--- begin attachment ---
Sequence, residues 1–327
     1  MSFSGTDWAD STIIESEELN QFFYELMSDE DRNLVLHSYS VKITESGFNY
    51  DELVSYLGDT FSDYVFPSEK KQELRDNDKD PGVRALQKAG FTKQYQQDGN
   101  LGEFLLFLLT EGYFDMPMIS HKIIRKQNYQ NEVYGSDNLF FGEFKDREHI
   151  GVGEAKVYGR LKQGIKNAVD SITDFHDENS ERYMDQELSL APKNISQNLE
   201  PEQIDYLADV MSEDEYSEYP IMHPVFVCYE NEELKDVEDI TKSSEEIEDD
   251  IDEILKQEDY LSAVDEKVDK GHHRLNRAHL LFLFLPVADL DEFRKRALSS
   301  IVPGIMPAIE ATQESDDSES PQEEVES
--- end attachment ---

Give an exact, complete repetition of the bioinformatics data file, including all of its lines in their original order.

Sequence, residues 1–327
     1  MSFSGTDWAD STIIESEELN QFFYELMSDE DRNLVLHSYS VKITESGFNY
    51  DELVSYLGDT FSDYVFPSEK KQELRDNDKD PGVRALQKAG FTKQYQQDGN
   101  LGEFLLFLLT EGYFDMPMIS HKIIRKQNYQ NEVYGSDNLF FGEFKDREHI
   151  GVGEAKVYGR LKQGIKNAVD SITDFHDENS ERYMDQELSL APKNISQNLE
   201  PEQIDYLADV MSEDEYSEYP IMHPVFVCYE NEELKDVEDI TKSSEEIEDD
   251  IDEILKQEDY LSAVDEKVDK GHHRLNRAHL LFLFLPVADL DEFRKRALSS
   301  IVPGIMPAIE ATQESDDSES PQEEVES